How Moonwalking With Einstein Gave Me A Blueprint To Better Chess

Joshua Foer

My old quaffing partner Andreas Pedelevis recently recommended that I read Moonwalking with Einstein, the Art and Science of Remembering Everything by Joshua Foer. The book is both an overview of the role and importance of the art of memory in ancient Greece and Rome, the middle ages and the Renaissance, and an account of how Joshua Foer, a graduate of Yale University and a freelance science journalist, got drawn into the world of memory championships and ended up as the 2006 USA Memory Champion.

It is actually quite a bit more than that, but the points that chiefly interested me were the accounts of the role of memory in classical rhetoric and how it was cultivated; that it was cultivated at the moment when writing came on the scene; that the role of the book as an aid to memory and not as a convenient substitute; that the method of reading switched from intensive to extensive reading; that the method of remembering was by loci, or places, where you distributed the objects of memory in a mental memory palace; that Renaissance thinkers such as Giulio Camillo and Giordano Bruno attempted to construct kabbalistic memory machines; that Johann Winkelmann‘s memory system for word/number substitution (which I studied years ago after purchasing the Bruno Furst “You Can Remember” course) gets an airing; that Francis Bacon disparaged memory techniques; that chess masters rely on a vast memory of chess patterns rather than on deep analysis; that the secret to improving your memory – or anything else – is to get out of your comfort zone and practise failing; that the way to improve your chess is to study master games and try to work out “the next move”…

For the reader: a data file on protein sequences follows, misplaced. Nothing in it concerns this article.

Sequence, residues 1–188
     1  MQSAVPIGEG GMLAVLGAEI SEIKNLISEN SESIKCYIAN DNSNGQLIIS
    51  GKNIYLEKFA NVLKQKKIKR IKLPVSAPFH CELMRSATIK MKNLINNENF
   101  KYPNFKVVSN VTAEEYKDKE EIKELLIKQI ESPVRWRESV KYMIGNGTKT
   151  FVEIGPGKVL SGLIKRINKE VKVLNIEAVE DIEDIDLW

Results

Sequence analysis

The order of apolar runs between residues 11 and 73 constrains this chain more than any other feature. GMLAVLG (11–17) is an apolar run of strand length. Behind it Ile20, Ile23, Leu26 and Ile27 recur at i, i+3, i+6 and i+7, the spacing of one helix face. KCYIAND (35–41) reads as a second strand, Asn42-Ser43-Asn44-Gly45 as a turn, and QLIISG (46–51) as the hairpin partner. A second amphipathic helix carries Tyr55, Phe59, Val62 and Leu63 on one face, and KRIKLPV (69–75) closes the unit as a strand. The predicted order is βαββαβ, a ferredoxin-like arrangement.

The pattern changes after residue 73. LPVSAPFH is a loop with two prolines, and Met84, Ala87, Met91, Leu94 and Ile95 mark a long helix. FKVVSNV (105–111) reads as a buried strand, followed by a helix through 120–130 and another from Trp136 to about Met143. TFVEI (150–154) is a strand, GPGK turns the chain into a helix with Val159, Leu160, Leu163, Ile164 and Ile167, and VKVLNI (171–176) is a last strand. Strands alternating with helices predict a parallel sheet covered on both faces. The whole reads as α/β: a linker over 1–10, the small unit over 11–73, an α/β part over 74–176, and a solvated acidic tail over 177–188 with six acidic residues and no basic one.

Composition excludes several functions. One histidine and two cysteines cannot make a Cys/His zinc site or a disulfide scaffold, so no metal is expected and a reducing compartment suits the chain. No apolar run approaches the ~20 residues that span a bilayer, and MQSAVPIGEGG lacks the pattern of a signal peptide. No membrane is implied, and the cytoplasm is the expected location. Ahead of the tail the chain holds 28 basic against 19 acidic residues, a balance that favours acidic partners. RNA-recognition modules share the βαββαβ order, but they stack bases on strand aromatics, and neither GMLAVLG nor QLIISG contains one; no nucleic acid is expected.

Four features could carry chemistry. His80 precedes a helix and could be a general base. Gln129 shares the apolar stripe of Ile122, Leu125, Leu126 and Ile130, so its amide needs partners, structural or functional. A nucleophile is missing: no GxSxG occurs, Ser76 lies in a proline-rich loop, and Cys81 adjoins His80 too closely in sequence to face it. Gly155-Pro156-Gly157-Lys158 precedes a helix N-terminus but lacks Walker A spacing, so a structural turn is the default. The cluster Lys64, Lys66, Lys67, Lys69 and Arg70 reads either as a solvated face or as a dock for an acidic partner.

The last three points were for me the most stimulating of all. Ever since I read Psycho-Cybernetics by Maxwell Maltz a few years ago I have come to appreciate the value of failure as the key to success, just as “negative feedback” informs a guided missile that it is off target.

The torpedo accomplishes its goal by going forward, making errors, and continually correcting them. by a series of zigzags it literally “gropes” its way to the goal. (Maltz, p. 18)

Now, here was Joshua Foer giving me a blueprint to better chess! What follows is my own version of what Foer was talking about. It goes like this:

  1. Study master games.
  2. Try to work out the next move.
  3. Pay special attention to the times when you “get it wrong”.
  4. Study one game at a time.
  5. Study it intensively until you can remember the moves.
  6. Practise playing the game from memory.
  7. Talk to chess players about the game, and demonstrate it on a chessboard.

As soon as I had a spare moment I plucked Gerald Abrahams’ Teach Yourself Chess from the bookshelf and turned to Chapter VII “Illustrative Games” at the back of the book. I intend to go right the way through, one game at a time, at the rate of one game a month. The first “illustrative game” is the drubbing that Morphy inflicted on the Duke of Brunswick, which I believe I have now learned and shall expatiate upon in my next blog post…